"In the Garden of Beasts: Love, Terror, and an American Family in Hitler's Berlin" by Erik Larson

"In the Garden of Beasts" is an engaging tour through the lives of the American ambassador to Germany and his family during the early years of the Third Reich.

Erik Larson, the author, is a former features writer for The Wall Street Journal and Time magazine. He is more known as the author of "The Devil in the White City" which won the 2004 Edgar Award in the Best Fact Crime category.

The nonfiction book in its entirety is of a somber and menacing atmosphere, as attested in the author's choice of chapter titles such as "Lucifer's Run", "Premonition", and "Gardens in the Dark", inter alia. Such choice of titles reveals the reality that almost everyone holding political office in the diplomatic community were under the illusion that the Nazi regime would soon be toppled or even bow down due to public pressure.

It is interesting to note how the Dodd family was said to have been enamoured with the Third Reich Germany before realizing that beneath all those facades, there is an underlying darkness waiting to surface.

The ambassador William Dodd and his daughter Martha found some Nazi party members, despite their evil political stances, to be "quite human" in their daily activities. Minister Hermann Goering, for example, was described as greedy and vain, while the Fuhrer Adolf Hitler himself, though stubborn when debating politics, is found to be very gentlemanly towards women. That side of Hitler is what Martha recounted after one of her rare encounters with him. There were even rumours of blossoming romance between Martha Dodd and Hitler himself (a rumour she was quite happy to hear), though eventually nothing came out of it.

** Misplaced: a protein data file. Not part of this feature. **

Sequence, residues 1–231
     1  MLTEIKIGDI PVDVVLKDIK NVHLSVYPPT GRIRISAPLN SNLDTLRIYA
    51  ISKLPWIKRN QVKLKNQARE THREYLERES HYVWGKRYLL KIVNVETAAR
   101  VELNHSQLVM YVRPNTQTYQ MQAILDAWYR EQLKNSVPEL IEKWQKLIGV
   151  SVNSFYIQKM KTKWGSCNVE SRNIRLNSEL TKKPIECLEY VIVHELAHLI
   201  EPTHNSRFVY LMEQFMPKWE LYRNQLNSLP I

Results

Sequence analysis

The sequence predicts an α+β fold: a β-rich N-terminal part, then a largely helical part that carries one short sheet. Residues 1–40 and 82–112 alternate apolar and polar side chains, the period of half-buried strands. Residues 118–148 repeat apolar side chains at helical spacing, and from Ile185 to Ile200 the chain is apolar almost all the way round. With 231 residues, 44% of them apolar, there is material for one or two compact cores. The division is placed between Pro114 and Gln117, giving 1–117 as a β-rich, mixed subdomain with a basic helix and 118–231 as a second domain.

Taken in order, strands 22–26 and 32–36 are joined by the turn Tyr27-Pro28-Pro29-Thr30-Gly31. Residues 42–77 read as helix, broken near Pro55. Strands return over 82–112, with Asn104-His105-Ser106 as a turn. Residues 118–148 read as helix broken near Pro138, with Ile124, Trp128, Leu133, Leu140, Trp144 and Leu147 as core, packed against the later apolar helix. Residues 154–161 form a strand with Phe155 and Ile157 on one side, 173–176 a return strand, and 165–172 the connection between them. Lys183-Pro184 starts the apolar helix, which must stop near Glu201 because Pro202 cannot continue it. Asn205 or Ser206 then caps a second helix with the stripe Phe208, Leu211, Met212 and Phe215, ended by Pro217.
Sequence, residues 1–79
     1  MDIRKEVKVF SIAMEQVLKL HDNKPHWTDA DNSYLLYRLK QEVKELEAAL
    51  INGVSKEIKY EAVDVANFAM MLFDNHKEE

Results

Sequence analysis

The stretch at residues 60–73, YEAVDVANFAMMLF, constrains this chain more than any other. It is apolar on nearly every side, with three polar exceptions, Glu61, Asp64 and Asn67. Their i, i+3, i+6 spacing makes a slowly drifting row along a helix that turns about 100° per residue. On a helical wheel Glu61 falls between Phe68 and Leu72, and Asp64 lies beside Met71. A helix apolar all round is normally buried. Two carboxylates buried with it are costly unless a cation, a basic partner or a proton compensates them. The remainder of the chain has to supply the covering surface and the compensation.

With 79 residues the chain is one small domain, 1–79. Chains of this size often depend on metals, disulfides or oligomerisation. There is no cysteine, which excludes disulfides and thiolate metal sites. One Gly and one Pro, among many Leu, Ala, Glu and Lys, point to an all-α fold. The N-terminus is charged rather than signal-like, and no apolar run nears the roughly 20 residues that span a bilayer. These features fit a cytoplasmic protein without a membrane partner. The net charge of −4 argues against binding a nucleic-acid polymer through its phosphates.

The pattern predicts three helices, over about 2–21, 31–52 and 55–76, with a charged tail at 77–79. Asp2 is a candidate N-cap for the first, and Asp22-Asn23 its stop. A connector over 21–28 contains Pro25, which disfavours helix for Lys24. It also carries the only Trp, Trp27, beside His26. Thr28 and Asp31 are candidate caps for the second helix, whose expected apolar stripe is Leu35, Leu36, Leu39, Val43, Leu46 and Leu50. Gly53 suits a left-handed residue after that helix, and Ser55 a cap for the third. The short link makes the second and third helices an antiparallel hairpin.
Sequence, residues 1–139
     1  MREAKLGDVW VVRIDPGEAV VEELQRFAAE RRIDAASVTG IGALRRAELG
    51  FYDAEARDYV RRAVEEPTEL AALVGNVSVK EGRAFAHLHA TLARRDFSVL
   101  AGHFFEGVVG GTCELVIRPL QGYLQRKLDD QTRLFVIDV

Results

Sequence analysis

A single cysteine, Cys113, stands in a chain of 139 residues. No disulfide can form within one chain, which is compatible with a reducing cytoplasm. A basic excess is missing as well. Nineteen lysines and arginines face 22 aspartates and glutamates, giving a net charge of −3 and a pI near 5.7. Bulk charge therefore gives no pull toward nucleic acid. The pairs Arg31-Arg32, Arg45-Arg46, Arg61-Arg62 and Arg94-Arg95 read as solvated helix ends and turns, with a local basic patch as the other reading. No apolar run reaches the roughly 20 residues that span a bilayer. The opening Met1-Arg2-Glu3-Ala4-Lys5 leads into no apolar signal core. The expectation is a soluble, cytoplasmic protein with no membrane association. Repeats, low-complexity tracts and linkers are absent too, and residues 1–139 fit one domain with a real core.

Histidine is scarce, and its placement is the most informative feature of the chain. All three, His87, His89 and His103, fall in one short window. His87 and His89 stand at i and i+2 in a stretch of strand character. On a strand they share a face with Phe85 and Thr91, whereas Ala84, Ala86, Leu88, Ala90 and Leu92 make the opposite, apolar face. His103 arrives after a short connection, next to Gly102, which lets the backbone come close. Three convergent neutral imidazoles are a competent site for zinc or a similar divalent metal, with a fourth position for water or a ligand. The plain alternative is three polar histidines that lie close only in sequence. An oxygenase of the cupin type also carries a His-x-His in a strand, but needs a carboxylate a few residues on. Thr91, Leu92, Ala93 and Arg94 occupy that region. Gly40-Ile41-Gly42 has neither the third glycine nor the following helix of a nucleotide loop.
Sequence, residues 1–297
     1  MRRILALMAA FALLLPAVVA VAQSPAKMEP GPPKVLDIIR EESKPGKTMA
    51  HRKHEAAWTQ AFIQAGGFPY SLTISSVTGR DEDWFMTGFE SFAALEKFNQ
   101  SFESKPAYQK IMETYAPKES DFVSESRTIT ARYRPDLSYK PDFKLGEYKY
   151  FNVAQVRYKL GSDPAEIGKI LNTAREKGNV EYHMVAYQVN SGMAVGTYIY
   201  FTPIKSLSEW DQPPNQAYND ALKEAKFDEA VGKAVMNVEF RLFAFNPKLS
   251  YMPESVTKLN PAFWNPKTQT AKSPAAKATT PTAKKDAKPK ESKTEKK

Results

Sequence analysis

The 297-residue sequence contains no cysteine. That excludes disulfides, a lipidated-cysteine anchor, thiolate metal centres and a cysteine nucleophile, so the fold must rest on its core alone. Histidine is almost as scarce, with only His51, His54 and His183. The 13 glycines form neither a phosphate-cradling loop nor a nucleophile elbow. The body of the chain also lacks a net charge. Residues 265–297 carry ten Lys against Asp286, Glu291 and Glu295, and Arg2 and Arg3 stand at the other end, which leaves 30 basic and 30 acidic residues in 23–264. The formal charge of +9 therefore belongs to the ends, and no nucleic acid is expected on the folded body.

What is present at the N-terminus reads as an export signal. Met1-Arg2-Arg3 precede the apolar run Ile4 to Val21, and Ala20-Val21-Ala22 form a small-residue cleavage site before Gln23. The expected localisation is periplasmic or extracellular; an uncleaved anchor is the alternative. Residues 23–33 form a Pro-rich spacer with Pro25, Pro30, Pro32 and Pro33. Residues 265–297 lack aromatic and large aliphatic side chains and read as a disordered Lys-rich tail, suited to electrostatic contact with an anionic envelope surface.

Several excerpts were also devoted on how the ambassadorial residence of Dodd in the Tiergarten (lit. "Garden of Beast" in German) district of Berlin was able to provide modest yet safe haven for speaking out freely against the portending evils of the Third Reich. It is as if in the entire country of Germany, his residence alone was the only place where people can speak freely and yet remain totally immune from reprisal attacks by the Nazis.

Even the then-President Roosevelt admitted how vital Dodd's role was in safeguarding democracy on the very last years before U.S. and the Third Reich went into war. After the ambassador's demise in 1940, President made a succinct statement that in the end Mr Dodd "proved to be...a lone beacon of American freedom and hope in a land of gathering darkness" (as found in page 356).

My main critique of the book would be the absence of any mentions of the Reich war minister Albert Speer, who had a considerably imminent presence during the pre-war diplomacy. The book also focuses too much on the lives and scandals of Ambassador Dodd and his daughter Martha, while the mentions of son Bill Jr. Dodd were mostly found in the last chapter.

Another critique was on the ending of the book. Albeit satisfactory, the conclusion fell quite flat as the author seemed to rush through the rest of the lives of Martha and Bill Jr. within only several pages... It makes us readers feel that there is more to the story yet to be explored.

However, overall "In the Garden of Beasts" is perhaps one of the best books ever written on the topic of US-Germany diplomacy during the pre-WWII era. I present kudos to Erik Larson for penning such a magnificent book.

Verdict: 9 out of 10 stars

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